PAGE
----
6
Conclusion. Education is a human right, but it is also a significant sector of the economy.
Consider this: Christensen and Horn predicted 50% of institutions of higher learning were in
danger of going out of business before
the COVID-19 outbreak. The coronavirus is a threat to
live as well as a threat to education. Educational leaders weigh all three issues in their
decision-making during this crisis. The pandemic will subside and, while student enrollment is
subsiding nationwide, higher education has a social and personal responsibility to weather the
storm and preserve its sector of the national economy.
And, for higher education to be successful, it is imperative that K-12 education keeps its
ethical and academic commitment to the ethical and empathetic assessment of learning as well as
a commitment to academic preparation. In charting that continuum, the upper grade levels of
K-12 may need a fat-tail left regarding their ability to be successful on standardized tests,
including the AP and IB scores. At the same time, elementary and middle school students need a
fat-tail right emphasis on preparation.
This is a worldwide crisis, but it is not World War II. There is no roaring economy for
our students to enter without diplomas and adequate academic preparation. There are no
Levittowns waiting for homebuilders, tradesmen, and teachers to fill vacant jobs. Even after
9/11, most New York City schools reopened after just two days (Delisio, 2006). Today, the Baby
Boom Echo is a faint whisper, and the United States was already nearing a cyclical slowdown of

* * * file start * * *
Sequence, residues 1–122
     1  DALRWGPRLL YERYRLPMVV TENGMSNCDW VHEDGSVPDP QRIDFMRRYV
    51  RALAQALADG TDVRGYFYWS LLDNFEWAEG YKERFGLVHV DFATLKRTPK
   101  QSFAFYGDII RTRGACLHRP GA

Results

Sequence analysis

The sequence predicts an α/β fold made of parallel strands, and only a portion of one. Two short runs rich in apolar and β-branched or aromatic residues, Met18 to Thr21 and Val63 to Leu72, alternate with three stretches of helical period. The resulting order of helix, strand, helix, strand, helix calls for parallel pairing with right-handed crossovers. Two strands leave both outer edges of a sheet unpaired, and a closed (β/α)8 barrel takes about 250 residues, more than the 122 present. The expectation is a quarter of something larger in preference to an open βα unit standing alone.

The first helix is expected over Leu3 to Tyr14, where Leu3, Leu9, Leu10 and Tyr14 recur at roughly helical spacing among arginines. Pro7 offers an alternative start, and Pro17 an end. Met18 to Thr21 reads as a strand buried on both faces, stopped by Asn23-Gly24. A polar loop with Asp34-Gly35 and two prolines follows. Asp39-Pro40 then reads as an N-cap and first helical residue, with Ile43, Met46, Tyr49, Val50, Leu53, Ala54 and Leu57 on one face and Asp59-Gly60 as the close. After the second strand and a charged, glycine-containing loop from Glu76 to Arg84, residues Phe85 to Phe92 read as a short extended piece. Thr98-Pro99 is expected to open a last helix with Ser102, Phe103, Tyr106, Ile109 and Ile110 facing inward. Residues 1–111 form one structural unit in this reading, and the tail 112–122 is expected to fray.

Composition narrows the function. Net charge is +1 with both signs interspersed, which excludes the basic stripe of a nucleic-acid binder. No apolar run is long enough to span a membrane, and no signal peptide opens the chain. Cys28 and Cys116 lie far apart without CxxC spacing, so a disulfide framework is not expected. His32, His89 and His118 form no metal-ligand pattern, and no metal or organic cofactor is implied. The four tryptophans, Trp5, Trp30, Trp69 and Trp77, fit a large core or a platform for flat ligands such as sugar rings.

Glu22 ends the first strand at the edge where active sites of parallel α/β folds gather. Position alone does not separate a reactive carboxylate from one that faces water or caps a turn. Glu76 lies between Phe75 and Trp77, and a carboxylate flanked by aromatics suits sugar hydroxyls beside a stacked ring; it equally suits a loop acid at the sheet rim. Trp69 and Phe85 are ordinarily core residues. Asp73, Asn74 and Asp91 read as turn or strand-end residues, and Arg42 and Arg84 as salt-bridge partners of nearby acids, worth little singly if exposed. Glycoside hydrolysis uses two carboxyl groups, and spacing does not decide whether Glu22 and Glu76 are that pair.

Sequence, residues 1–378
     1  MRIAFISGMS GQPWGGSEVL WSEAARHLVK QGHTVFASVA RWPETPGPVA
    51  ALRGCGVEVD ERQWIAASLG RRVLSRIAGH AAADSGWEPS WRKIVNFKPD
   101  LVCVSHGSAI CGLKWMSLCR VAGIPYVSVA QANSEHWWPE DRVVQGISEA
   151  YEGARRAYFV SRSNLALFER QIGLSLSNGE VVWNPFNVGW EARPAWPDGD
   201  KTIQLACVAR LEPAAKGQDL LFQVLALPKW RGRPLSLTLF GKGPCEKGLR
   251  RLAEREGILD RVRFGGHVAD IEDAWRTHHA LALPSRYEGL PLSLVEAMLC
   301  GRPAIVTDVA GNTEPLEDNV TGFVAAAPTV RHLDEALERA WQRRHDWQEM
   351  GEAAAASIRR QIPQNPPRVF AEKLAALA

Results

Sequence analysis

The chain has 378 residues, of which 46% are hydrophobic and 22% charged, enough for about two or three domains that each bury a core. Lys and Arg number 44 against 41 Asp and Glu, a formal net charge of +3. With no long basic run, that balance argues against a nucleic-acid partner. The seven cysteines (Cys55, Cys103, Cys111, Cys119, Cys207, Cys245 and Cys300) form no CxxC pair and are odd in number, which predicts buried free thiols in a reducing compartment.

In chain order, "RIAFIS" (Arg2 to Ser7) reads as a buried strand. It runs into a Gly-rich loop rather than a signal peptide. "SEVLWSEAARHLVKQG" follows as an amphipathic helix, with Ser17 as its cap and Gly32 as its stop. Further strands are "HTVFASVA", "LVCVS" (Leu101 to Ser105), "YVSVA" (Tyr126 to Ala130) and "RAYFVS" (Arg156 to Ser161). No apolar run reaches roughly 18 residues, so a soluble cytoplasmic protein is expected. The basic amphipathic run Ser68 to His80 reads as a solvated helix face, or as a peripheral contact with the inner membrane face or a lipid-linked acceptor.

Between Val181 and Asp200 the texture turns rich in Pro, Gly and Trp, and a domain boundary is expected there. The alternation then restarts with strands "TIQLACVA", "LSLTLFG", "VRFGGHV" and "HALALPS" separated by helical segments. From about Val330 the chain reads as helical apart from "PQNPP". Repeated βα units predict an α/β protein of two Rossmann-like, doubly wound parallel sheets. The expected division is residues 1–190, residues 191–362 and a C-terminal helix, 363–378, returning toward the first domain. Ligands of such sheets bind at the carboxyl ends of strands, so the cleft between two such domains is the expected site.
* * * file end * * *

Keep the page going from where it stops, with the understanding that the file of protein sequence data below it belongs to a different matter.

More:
the economy, weakened by trade-wars , and now pushed over the edge by an invisible virus. At
the same time, America did rebuild after World War II. Americans have survived multi-session
schooldays, recessions, and health crises. In this critical moment caused by COVID-19,
7
educational leaders must be morally responsible for their decisions regarding lives, livelihood,
and learning.
8
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First U.S. colleges close classrooms as virus spreads. more could follow
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Harvard Business School professor: Half of American colleges will be bankrupt in 10 to 15 years
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Will half of all colleges really close in the next decade?" Forbes Magazine
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Horn, M. (2018). Will half of all colleges really close in the next decade?" Forbes Magazine. December 13, 2018. Retrieved from https://www.forbes.com/sites/michaelhorn/2018/12/13/will-half-of-all-colleges-really-clo se-in-the-next-decade/#70e7404c52e5